The spraying of chemical agents, called “gassing” by corrections officers, involves substances commonly referred to as “pepper spray,” or oleoresin capsicum (OC), and the more potent “tear gas,’’ chlorobenzylidene malonitrile (CS).

Under department policy, corrections officers can spray inmates for “causing a disturbance” that disrupts the normal operation of the prison. That can mean anything from kicking a cell door to shouting profanities. Hempstead said it was common for guards to contact a supervisor complaining about an inmate kicking his cell door and, during the conversation, kick at their desk, pretending to be the disruptive inmate.

In any event, under a captain’s supervision, a sergeant or other corrections officer would then shoot pepper spray through the flap to the inmate’s confinement cell in three one-second blasts. If the inmate did not cease the behavior that led to the first round of chemicals, the officers would return and apply tear gas in the same manner.

There are guidelines as to how the chemicals are administered, and the effects are so toxic that the DOC requires the inmate be offered a shower and medical examination afterward. They should then be provided clean clothing, and, if necessary, their cell should be decontaminated.

Northwest Florida inmates told CMA officials that this protocol was often not followed, especially by Kirkland. They complained that he would spray four or five cells in succession, leaving multiple inmates drenched in chemicals.

At about the same time as the CMA investigation, two captains at the prison, Tolbert Seiffert and Dwayne Searcy, contacted the inspector general’s office with a litany of horror stories, dealing with alleged abuse, cover-ups and retaliation at the prison.

The prison’s in-house inspector, Debra Carter Arrant, was assigned to investigate in March 2009.

Seiffert described to Arrant how his fellow officers, as well as higher-ups, spoke about how prisoners were gassed even when there was no radio report of any disturbance in the confinement unit.

Seiffert told the inspector that the warden — Culpepper at that time — threatened to fire him because he wasn’t “getting with the program.”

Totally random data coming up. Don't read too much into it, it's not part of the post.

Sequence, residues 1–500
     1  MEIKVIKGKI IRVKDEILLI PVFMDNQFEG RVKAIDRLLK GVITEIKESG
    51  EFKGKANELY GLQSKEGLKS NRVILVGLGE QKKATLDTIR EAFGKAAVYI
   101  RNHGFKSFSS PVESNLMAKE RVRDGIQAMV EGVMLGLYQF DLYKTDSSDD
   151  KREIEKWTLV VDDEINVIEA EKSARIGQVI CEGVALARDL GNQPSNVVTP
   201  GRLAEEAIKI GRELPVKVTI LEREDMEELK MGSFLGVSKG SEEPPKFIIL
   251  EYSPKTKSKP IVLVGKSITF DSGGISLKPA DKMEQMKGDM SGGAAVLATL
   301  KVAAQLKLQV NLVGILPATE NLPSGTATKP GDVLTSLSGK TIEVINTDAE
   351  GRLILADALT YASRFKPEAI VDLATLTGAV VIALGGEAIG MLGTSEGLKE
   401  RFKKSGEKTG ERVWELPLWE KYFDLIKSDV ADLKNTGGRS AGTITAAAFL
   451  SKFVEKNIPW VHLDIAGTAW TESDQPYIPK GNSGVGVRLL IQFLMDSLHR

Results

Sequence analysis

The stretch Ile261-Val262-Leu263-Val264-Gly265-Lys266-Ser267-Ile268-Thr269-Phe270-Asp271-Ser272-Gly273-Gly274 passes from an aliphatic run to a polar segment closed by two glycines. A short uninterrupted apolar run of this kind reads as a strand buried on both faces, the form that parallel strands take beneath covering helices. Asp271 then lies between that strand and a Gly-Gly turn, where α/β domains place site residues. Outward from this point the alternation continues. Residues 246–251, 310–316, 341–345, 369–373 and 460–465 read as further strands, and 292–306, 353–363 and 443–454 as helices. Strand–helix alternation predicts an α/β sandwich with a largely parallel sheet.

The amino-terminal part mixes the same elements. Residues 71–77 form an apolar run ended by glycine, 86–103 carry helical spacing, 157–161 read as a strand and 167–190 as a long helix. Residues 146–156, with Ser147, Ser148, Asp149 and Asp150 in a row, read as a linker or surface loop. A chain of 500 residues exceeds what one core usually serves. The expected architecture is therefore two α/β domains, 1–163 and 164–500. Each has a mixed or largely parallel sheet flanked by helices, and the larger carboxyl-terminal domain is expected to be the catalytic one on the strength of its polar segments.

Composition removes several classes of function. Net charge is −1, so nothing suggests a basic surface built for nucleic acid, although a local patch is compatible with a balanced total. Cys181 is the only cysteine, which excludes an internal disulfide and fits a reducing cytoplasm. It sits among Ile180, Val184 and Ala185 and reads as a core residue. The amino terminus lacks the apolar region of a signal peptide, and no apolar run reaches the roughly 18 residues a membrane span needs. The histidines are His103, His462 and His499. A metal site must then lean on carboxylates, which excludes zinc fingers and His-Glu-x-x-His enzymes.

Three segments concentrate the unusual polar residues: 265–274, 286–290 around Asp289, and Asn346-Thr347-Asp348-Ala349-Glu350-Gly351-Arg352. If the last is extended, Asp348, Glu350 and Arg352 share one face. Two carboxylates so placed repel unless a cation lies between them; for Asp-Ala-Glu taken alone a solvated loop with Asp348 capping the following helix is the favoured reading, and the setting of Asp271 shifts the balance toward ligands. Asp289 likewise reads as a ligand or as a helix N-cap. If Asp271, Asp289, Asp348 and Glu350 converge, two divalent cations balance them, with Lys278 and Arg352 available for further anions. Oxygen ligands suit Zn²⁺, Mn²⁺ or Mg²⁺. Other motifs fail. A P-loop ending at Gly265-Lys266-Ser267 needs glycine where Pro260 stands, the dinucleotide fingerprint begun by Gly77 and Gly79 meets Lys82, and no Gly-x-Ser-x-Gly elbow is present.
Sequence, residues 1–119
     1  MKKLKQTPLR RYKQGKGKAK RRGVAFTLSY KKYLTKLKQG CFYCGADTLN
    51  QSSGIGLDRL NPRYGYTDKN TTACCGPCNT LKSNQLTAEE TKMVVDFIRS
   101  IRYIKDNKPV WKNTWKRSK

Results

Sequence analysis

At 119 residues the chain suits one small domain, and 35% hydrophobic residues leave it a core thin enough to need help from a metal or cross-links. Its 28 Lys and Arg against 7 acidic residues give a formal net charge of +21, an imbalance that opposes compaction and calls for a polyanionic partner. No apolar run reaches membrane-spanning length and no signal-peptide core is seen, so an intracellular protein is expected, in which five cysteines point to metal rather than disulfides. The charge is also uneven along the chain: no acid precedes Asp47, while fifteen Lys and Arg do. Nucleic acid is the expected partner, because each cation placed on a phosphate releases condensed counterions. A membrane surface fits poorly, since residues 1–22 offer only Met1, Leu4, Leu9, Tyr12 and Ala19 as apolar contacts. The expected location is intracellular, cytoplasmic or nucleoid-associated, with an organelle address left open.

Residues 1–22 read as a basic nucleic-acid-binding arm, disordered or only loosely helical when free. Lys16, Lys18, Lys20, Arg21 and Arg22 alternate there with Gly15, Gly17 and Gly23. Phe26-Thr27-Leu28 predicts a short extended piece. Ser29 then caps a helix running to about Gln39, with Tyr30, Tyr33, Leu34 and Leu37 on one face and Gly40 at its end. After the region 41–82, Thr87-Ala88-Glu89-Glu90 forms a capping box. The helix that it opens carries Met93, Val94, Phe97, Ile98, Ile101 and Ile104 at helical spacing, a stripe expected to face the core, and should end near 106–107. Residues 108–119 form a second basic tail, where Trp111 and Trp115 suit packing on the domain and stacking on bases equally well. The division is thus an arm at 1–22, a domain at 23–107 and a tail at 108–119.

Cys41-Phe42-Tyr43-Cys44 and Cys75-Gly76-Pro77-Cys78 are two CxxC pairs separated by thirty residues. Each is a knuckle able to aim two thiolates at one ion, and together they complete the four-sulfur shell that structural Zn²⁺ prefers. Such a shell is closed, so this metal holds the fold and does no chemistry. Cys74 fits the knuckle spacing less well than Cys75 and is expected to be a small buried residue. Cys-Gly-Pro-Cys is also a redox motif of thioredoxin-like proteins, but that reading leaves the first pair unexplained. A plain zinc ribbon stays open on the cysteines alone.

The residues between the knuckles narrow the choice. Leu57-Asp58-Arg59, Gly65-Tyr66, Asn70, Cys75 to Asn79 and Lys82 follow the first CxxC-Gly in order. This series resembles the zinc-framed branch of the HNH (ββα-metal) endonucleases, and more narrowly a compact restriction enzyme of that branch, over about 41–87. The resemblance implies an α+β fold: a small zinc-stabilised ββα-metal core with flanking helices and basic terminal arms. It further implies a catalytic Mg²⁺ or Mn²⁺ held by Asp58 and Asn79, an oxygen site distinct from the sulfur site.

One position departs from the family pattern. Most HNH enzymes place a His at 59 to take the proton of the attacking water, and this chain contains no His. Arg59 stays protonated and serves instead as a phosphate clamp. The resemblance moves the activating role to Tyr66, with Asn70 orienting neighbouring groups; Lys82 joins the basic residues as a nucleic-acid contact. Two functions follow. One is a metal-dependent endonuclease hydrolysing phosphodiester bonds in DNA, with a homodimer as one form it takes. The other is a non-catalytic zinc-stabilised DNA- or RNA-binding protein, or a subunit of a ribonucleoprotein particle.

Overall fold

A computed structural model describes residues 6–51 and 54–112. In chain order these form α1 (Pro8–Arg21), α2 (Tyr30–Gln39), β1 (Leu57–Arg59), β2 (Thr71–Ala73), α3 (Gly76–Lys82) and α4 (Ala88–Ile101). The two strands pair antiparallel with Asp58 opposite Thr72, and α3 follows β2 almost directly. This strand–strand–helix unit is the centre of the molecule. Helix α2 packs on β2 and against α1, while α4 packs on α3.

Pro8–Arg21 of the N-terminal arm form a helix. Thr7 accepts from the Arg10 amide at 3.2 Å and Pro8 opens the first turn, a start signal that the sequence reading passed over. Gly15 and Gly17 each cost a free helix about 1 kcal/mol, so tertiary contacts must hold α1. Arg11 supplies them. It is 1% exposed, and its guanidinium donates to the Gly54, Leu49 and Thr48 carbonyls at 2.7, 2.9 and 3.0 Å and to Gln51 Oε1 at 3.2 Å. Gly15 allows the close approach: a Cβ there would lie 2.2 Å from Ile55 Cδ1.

Searcy, in his interview with Arrant, said he saw a corrections officer beating an inmate as other officers “manipulated” the fixed-wing camera to make it appear that the use of force was only a couple of minutes in duration when in reality it was 15 minutes. This was in 2008, shortly after Culpepper arrived at the prison, following a series of disturbances at Northwest Florida.

Over the next two years, additional guards — Sgt. Ronnie Bowers and officers Christopher Christmas, Thomas Brown and Jason Harvell — would come forward to report that gassings and beatings were common and unprovoked. At least one of the complainants, Seiffert, was disciplined and fired. Seiffert sued and eventually got his job back.

Bowers, in his statement to the inspector general in 2009, described how officers typed up use-of-force forms as if they were work orders, in advance, filling in the names of inmates they intended to gas the next day. The practice became problematic, he said, when officers either accidentally or purposefully sprayed inmates whose names weren’t on the forms.

Christmas, in a sworn statement in 2011, said he overheard Culpepper admonish Seiffert for refusing to spray inmates.

“I had heard Warden Culpepper say you need to get with the program or you are going to have to get gone and find something else to do,’’ Christmas said.

The Herald asked the DOC for a comment from Culpepper, but the agency declined to make him available.

Culpepper, who began his career as a corrections officer at Lancaster Correctional Institution in 1979, was promoted in 2011 to regional director. He currently oversees 20 institutions, including the NWFRC, Santa Rosa and Franklin correctional institutions.

Arrant closed her investigation into abuse at NWFRC in August 2009, without conducting any interviews other than those with the officers and inmates who came forward. Two years later, in a deposition in connection with Seiffert’s lawsuit, she said her bosses at the inspector general’s office told her they saw no reason to probe the allegations.

DOC did, however, order Culpepper to “amend’’ the manner in which he placed inmates on property restriction.

In an email to NWFRC officers in July 2009, Culpepper said “I’ve been called down on my interpretation of the rule and instructed to immediately cease utilizing property restriction as a discipline tool.’’

In the future, he told subordinates, inmates who fail to make their beds or keep their cell clean will be written up in disciplinary reports, but not have their belongings taken away.

Death by gassing

The frequent gassing did not end.

A year later, on June 3, 2010, Rommell Johnson, an asthmatic inmate who had been suffering breathing problems, was gassed in his confinement cell and died at NWFRC.